Warning over new supermarket spending 'challenges'

Man looking at smartphone in supermarketImage source, Getty Images

New supermarket "challenges" that reward shoppers with extra loyalty points for buying more could lead to overspending, consumer groups have warned.

Four of the UK's biggest supermarkets - Tesco, Sainsbury’s, Asda and Morrisons - are now offering members of their loyalty schemes bonus points if they hit spending targets.

The supermarkets all say their schemes offer customers better value and more personalised savings.

But consumer group Which? and debt charity StepChange warned that setting shopping challenges could encourage people to spend more than they can afford.

These challenges are the latest development in supermarket loyalty card schemes which are becoming ever more sophisticated.

At the same time, food prices were rising at an annual rate of almost 20% last year - the highest since the 1970s - and are only now returning to "more normal" rates.

"Competition between supermarkets is fierce at the moment, with all of them shouting about the number of prices they've dropped," said Ele Clark, retail editor at Which?. "But the fact remains that overall food is still far more expensive than it was a couple of years ago."

Ged Futter is a former buyer for Asda and now advises suppliers on how to negotiate with retailers. He said personalised prices and challenges were simply a way for supermarkets to compete for customers.

"They'll look at products you buy during the course of the month and then they will give you offers to make sure that you buy that product again with them," he said.

The challenges vary between supermarkets and involve shopping more frequently or hitting a spending target on specific products within a set timeframe.

'Like a game'

Image caption,

Jo Rourke thinks it pays to shop around

Jo Rourke, a single mum-of-three from Manchester, told the BBC shoppers "need to act with caution" when it comes to loyalty card challenges or missions.

"The terminology of 'challenges' could make it feel like a game and if you are someone who gets drawn into this kind of thing it could be quite dangerous," she said.

Ms Rourke - who shares tips on how to save money on the food shop on her @thismumcooks social media accounts - said she did not think supermarket challenges would encourage her to do more of her shopping in one store.

"I don't think it pays to be a loyal customer. I think it pays to shop in all of the supermarkets in your area," she said.

The average person has loyalty cards for three supermarkets, data from research firm Kantar suggests.

How to save money on your food shopping

  • Learn prices: Get to know the cost of the items you buy regularly so you can spot what is a good offer and what is not

  • Compare price per 100g: Look along the shelf at similar items as loyalty prices might not be the cheapest option.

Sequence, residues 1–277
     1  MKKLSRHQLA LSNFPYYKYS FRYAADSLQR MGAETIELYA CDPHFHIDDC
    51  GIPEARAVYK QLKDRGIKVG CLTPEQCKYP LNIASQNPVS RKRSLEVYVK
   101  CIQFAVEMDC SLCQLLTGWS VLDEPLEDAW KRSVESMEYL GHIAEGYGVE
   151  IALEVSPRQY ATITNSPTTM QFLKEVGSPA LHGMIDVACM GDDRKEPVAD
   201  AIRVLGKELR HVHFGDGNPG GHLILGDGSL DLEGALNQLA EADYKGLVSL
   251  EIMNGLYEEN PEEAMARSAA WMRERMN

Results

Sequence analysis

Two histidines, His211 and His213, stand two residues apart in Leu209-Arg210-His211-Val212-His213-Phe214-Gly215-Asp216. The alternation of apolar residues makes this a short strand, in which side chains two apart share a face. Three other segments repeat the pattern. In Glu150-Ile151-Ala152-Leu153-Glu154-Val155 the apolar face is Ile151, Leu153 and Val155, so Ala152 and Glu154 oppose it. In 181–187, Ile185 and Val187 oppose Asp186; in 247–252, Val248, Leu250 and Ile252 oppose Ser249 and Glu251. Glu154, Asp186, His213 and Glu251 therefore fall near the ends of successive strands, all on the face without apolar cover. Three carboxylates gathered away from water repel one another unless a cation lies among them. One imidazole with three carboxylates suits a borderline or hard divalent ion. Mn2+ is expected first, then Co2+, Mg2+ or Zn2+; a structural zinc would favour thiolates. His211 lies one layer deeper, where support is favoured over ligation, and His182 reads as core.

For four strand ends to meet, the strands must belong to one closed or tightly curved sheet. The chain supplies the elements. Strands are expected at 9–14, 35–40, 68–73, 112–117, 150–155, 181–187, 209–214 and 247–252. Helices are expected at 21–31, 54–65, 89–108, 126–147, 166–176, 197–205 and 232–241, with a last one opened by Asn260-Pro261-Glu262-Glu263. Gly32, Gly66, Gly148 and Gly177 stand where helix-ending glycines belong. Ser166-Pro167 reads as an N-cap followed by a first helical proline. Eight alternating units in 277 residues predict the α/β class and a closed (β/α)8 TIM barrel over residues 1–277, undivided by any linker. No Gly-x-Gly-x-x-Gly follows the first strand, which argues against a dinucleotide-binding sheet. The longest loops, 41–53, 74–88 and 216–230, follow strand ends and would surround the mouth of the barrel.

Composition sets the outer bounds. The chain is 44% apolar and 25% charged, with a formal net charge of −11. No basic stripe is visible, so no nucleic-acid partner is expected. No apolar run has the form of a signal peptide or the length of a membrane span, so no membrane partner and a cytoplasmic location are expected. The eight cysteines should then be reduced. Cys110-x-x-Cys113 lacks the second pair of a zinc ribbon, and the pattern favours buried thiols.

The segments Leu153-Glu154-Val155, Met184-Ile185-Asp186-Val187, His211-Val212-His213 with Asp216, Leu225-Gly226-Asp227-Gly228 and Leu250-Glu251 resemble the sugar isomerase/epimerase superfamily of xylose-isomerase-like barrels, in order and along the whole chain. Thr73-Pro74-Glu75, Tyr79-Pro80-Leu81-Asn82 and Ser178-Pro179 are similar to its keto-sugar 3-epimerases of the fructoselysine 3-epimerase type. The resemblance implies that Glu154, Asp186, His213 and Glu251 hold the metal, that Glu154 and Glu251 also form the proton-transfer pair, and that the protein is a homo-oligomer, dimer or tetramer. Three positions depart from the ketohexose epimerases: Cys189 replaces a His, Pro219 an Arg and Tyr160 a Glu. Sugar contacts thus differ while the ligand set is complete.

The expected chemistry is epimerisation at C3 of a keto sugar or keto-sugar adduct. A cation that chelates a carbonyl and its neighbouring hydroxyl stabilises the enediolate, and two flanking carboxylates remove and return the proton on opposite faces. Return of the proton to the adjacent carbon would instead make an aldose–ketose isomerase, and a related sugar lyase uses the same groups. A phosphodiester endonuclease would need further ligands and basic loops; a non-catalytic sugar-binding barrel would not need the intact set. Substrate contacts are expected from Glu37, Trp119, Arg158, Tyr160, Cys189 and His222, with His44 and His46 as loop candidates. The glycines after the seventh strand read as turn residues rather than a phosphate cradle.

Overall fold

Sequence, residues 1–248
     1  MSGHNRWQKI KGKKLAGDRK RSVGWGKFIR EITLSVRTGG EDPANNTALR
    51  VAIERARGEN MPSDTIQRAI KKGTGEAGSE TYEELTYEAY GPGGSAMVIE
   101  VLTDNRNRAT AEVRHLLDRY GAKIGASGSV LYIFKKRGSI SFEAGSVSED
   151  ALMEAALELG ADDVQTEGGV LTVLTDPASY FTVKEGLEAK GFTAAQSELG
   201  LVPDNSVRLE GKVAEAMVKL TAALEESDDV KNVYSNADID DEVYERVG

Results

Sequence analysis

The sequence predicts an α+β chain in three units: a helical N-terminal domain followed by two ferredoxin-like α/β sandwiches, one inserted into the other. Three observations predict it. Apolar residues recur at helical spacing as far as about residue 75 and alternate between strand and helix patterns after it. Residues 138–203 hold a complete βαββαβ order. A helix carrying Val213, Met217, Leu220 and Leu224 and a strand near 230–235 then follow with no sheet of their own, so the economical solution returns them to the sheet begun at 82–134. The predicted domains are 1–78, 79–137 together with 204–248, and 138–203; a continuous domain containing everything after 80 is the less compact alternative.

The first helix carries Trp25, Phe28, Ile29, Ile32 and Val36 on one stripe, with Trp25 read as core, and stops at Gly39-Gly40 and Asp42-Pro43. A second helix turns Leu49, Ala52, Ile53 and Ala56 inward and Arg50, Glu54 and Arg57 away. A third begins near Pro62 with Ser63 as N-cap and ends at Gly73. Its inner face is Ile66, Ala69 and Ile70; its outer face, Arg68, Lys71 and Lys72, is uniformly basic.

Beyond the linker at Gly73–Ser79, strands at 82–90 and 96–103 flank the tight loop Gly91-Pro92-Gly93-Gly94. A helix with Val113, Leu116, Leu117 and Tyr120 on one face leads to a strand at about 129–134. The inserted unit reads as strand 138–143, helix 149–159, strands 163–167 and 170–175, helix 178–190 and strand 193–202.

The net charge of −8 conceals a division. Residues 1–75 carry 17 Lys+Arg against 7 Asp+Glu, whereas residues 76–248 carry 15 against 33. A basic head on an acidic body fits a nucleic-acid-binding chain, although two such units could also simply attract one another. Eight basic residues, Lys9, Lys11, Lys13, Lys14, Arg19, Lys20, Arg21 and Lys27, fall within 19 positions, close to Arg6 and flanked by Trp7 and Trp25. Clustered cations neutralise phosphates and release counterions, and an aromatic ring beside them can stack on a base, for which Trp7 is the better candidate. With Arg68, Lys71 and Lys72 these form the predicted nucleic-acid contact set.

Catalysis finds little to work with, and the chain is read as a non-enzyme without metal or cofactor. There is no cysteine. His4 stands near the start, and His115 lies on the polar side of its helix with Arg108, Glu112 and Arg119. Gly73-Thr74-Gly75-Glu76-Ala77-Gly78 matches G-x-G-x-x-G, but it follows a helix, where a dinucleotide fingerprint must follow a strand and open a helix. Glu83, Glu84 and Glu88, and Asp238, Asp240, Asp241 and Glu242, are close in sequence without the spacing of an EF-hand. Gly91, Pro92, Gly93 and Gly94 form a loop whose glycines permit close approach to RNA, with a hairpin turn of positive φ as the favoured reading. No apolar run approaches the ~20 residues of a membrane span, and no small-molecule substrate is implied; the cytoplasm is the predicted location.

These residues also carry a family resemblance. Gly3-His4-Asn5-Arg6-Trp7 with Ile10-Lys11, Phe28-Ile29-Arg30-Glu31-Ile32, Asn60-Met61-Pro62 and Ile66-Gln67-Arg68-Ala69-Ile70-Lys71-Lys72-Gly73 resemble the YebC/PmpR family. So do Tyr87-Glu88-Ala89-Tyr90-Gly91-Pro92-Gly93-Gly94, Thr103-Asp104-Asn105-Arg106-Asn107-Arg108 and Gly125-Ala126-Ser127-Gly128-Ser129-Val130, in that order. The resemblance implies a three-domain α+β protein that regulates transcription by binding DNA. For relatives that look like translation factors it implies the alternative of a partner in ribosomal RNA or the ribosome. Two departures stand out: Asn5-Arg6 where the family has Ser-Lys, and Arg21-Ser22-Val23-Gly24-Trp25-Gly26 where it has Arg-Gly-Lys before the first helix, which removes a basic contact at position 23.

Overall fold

• Set a budget and stick to it: Often supermarket vouchers or challenges will require you to spend more so don't be tempted to overspend

  • Stock up: If you do want to take advantage of a money-off voucher then bulk buy staples like pasta, rice or tinned food that have a long shelf life

  • Use tech: Use independent supermarket comparison apps to save your favourite items and get alerts when they go down in price


Ms Clark at Which? told the BBC: “With many families struggling to make ends meet, it’s important supermarkets don’t go overboard with these challenges and encourage shoppers to spend beyond their means in order to access rewards."

The consumer group has previously claimed Sainsbury's and Tesco loyalty card prices were not as good as they seem. The Competition and Markets Authority announced a review of loyalty pricing by supermarkets in January 2024.

It is examining whether loyalty prices are a genuine promotion or could mislead shoppers, if they put any groups at a disadvantage and whether they impact shopping habits and how supermarkets compete with each other. An update on its findings is expected in July.

Simon Trevethick, head of communications at StepChange, said: "While retailer loyalty schemes can provide helpful discounts for customers, there’s a risk that if spending is incentivised, people may end up spending more than they had initially planned or can afford." He urged anyone in financial difficulty to contact the charity., external

The BBC asked Tesco, Sainsbury’s, Asda and Morrisons for their response to concerns that their loyalty challenges could encourage overspending.

A Tesco spokesperson said its Clubcard Challenges were "all about rewarding customers for buying the products they regularly purchase".

Sainsbury's said its Shop for Points challenge was offered to selected customers and bonus points were "issued based on the number of shops customers complete, with a minimum qualifying spend of £1 per shop".

Asda and Morrisons did not respond.

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